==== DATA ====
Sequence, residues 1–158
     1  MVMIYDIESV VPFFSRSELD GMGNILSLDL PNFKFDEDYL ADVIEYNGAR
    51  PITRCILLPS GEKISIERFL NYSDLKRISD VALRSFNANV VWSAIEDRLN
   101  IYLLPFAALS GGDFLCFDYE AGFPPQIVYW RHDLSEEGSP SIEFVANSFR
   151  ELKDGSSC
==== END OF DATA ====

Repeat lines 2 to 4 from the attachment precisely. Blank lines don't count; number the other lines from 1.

     1  MVMIYDIESV VPFFSRSELD GMGNILSLDL PNFKFDEDYL ADVIEYNGAR
    51  PITRCILLPS GEKISIERFL NYSDLKRISD VALRSFNANV VWSAIEDRLN
   101  IYLLPFAALS GGDFLCFDYE AGFPPQIVYW RHDLSEEGSP SIEFVANSFR